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+1 for looks belie intelligence –  Kris Feb 1 '13 at 15:51
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The term absent-minded professor may address your concept. It is defined by Wikipedia (a questionable authority) as

a talented academic whose focus on academic matters leads them to ignore or forget their surroundings.

It is often used to refer to someone who may be brilliant in some things, but gives an appearance of being scatterbrained.

Another term that is related is idiot savant. American Heritage defines it as

An intellectually disabled person who exhibits extraordinary ability in a highly specialized area, such as mathematics or music.

This literally refers to someone who is actually very limited but has a single high level of skill. It is sometimes used colloquially to refer to someone who is smart but is acting like an idiot.

(It should be moted that the term idiot, along with other archaic terms for developmental disabilities, such as moron and imbecile, are often considered pejorative and offensive in US English.)

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You could say of such a person that there's "more than meets the eye."

You could also say that the person's "appearance is deceiving."

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  • Misleading;
  • Confusing;
  • If used in a sentence you could say "unexpectedly quiet".
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Hi EM-Creations, and welcome to English.SE. I'm afraid that I don't think any of those convey the meaning requested in the question. –  Steve Melnikoff Jan 31 '13 at 13:51
    
I feel they do, misleading certainly. –  EM-Creations Jan 31 '13 at 15:35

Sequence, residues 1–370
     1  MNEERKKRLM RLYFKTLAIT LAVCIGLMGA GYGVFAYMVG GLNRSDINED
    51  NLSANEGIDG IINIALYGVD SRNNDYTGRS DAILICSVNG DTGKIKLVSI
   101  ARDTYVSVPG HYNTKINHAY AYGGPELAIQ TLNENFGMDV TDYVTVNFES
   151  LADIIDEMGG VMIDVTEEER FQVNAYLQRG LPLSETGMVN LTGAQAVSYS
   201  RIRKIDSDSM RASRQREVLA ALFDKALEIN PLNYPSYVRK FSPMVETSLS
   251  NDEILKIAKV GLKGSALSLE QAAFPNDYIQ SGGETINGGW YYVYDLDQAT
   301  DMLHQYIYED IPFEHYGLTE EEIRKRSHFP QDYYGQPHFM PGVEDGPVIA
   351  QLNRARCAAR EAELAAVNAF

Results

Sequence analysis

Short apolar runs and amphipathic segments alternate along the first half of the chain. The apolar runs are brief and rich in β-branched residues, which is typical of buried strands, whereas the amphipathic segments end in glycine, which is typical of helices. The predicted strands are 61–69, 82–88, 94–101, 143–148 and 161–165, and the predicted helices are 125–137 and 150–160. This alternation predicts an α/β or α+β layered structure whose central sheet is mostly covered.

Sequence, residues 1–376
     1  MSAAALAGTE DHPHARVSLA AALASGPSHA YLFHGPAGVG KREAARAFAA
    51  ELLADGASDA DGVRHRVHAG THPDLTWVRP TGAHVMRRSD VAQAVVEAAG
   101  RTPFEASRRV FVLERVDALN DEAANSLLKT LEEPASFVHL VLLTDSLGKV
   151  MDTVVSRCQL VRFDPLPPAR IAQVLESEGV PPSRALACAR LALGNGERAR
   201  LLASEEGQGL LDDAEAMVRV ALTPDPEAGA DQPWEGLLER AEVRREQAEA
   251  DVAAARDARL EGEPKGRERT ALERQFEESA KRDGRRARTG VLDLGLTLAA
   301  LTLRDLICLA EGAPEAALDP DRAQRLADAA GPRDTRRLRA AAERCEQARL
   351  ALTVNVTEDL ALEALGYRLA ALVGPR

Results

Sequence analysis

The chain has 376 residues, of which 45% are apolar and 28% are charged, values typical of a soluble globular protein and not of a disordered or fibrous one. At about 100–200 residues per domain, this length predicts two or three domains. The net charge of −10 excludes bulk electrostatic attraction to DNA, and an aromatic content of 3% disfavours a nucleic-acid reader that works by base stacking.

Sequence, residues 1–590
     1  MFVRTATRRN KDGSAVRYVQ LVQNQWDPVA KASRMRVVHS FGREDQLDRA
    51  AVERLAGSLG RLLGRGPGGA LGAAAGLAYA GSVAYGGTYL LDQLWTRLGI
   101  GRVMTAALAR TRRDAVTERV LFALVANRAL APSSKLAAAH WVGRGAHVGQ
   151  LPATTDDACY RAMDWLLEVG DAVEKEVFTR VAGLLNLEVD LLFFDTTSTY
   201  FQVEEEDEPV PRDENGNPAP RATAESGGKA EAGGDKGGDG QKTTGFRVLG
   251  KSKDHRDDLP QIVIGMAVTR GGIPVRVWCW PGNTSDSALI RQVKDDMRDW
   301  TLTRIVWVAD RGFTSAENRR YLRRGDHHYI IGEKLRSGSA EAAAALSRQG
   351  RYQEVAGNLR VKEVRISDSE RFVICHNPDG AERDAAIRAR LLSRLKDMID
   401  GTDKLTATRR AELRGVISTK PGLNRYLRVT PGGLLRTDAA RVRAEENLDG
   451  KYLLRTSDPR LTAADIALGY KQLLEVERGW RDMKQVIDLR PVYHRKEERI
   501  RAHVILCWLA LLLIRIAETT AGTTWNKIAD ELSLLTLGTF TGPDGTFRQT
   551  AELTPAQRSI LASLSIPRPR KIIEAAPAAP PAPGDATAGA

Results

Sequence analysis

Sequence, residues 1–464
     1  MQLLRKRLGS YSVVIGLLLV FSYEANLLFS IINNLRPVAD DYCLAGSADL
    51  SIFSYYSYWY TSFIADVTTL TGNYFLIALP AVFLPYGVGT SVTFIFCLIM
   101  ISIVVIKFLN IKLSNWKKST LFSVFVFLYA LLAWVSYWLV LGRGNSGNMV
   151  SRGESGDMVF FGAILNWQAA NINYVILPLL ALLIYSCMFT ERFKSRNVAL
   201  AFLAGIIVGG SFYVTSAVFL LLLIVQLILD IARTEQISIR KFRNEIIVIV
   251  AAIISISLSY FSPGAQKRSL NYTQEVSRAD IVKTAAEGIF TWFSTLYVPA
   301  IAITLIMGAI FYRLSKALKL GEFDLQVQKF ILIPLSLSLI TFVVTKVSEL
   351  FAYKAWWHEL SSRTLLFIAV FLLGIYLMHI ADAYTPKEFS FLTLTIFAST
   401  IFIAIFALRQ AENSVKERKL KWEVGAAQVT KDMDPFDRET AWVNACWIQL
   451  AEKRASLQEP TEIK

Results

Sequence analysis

Yes, if you described a person as being misleading, it could indeed include the behaviour described above -- but it could also apply to many other behaviours. It's a little vague; most of the other answers here are a lot more specific. –  Steve Melnikoff Jan 31 '13 at 15:40
    
It is vague, I agree but it's not incorrect. –  EM-Creations Jan 31 '13 at 16:53
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Vulpine, foxy or cunning may help you out. They hint at a deceptive cleverness.

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These terms suggest that the person is deliberately misleading, and this does not appear to be the OP's intention. –  JAM Jan 31 '13 at 14:38
    
@JAM: I'd like the O.P. to weigh in on that. I've known different people who played this one way or the other - some came across as airheads naturally and inadvertently, even though they were actually rather brilliant in spite of themselves, and I've also known people who often came off as airheads, but only as part of a ruse. (It's worth noting, perhaps, that I wouldn't label those in the latter category as cunning; they were more like comedians.) –  J.R. Jan 31 '13 at 17:13
    
coughs, gives look –  KitFox Feb 1 '13 at 13:01